When we find a model that seems to match the observations fairly well, we assume that the values of the parameters tell us something about the true nature of the object we observed. The problem is: how do we know that some other combination of parameters won't do just as well, or even better, than the combination we found? Or what if the model is simply inadequate to describe the true nature of the object?
The process of adjusting the parameters to find a ``best-fit'' model to the observations is essentially an optimization problem. There are many well established mathematical tools (algorithms) for doing this--each with strengths and weaknesses. I am using a relatively new approach that uses a process analogous to Charles Darwin's idea of evolution through natural selection. This so-called genetic algorithm explores the many possible combinations of parameters, and finds the best combination based on objective criteria.
What is a white dwarf star? To astronomers, dwarf is a general term for smaller stars. The color of a star is an indication of the temperature at its surface. Very hot objects emit more blue-white light, while cooler objects emit more red light. Our Sun is termed a yellow dwarf and there are many stars cooler than the Sun called red dwarfs. So a white dwarf is a relatively small star with a very hot surface.
In 1844, an astronomer named Friedrich Bessel noticed that Sirius, the brightest star in the sky, appeared to wobble slightly as it moved through space. He inferred that there must be something in orbit around it. Sure enough, in 1862 the faint companion was observed visually by Alvan Clark (a telescope maker) and was given the name ``Sirius B''. By the 1920's, the companion had completed one full orbit of Sirius and its mass was calculated, using Newton's laws, to be roughly the same as the Sun. When astronomers measured its spectrum, they found that it emitted much more blue light than red, implying that it was very hot on the surface even though it didn't appear very bright in the sky. These observations implied that it had to be a million times smaller than a regular star with the same mass as the Sun--the first white dwarf!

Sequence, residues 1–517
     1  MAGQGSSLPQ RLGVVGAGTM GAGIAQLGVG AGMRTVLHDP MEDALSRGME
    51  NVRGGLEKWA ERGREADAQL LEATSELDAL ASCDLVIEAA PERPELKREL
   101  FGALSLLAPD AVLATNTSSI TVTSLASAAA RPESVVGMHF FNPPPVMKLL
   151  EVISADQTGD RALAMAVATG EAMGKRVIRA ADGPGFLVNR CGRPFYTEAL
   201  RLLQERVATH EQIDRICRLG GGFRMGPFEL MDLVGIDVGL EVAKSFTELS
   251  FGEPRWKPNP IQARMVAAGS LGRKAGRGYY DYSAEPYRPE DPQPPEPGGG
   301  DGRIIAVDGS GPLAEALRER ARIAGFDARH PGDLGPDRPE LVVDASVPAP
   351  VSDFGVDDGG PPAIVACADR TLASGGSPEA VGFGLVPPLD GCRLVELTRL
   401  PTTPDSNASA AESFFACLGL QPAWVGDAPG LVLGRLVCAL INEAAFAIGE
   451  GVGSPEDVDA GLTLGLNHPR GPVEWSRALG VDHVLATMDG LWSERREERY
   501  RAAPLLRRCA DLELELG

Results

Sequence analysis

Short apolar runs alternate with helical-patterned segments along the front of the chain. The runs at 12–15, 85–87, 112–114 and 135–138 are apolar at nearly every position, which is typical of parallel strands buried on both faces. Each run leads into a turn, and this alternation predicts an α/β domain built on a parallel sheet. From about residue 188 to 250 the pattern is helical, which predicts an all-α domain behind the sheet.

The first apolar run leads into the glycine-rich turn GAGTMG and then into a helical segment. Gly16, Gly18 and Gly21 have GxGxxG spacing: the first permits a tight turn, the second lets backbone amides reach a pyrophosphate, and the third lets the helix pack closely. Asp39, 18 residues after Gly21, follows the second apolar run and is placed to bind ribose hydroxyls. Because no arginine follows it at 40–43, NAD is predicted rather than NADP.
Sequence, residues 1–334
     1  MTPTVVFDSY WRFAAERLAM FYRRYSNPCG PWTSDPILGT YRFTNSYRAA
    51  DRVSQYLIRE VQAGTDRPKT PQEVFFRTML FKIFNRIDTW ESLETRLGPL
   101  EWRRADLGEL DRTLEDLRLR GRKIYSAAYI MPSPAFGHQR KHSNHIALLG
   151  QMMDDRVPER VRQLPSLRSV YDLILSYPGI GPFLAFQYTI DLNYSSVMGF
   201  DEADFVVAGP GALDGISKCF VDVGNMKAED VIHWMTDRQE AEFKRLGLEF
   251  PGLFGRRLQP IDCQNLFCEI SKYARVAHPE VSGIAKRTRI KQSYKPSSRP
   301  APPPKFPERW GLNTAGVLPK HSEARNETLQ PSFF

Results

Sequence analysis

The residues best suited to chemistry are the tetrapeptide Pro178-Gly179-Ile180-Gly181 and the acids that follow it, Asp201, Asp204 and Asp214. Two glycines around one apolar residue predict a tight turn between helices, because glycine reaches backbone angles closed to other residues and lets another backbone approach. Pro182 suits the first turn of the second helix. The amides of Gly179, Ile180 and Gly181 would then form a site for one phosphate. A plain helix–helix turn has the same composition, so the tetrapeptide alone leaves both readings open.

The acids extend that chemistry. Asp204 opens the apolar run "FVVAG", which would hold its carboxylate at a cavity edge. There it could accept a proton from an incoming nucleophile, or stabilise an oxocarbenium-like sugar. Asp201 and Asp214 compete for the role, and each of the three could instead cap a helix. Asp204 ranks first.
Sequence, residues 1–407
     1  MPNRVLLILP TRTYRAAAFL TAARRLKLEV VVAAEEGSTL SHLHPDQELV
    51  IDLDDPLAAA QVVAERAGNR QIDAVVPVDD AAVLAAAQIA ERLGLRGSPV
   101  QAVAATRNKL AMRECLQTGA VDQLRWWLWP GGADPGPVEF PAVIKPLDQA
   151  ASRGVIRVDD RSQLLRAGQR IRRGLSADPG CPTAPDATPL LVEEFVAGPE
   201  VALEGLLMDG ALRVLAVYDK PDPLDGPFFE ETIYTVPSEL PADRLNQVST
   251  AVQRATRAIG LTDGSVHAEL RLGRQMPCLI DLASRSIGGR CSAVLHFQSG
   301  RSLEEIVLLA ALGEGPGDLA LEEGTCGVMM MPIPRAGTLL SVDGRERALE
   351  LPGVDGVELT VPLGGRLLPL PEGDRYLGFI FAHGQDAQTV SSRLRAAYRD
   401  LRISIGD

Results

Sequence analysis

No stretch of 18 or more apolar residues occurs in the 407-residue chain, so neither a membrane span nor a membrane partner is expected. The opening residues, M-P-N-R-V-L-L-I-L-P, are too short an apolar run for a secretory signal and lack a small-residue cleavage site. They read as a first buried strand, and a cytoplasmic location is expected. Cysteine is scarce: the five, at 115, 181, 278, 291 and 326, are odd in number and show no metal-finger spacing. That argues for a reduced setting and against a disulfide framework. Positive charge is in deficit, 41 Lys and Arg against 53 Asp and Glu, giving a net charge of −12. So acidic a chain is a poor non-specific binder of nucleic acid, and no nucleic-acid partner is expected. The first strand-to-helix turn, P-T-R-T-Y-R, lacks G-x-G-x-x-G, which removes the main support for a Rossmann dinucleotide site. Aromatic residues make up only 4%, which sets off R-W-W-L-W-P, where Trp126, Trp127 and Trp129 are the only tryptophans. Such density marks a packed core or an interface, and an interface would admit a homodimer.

The exact process of a star becoming a white dwarf depends on the mass of the star, but all stars less massive than about 8 times the mass of the Sun (99% of all stars) will eventually become white dwarfs. Normal stars fuse hydrogen into helium until the hydrogen deep in the center begins to run out. For very massive stars this may take only 1 million years--but for stars like the Sun the hydrogen lasts for 10,000 million years. When enough helium collects in the middle of the star, it becomes a significant source of extra heat. This messes up the internal balance of the star, which then begins to bloat into a so-called red giant.
If the star is massive enough, it may eventually get hot enough in the center to fuse the helium into carbon and oxygen. The star then enjoys another relatively stable period, though much shorter this time. The carbon and oxygen, in their turn, collect in the middle. If the star isn't massive enough to reach the temperature needed to fuse carbon and oxygen into heavier elements, then these elements will simply continue to collect in the center until the helium fuel runs out. In the end, you have a carbon/oxygen white dwarf surrounded by the remains of the original star (see Figure 1.1).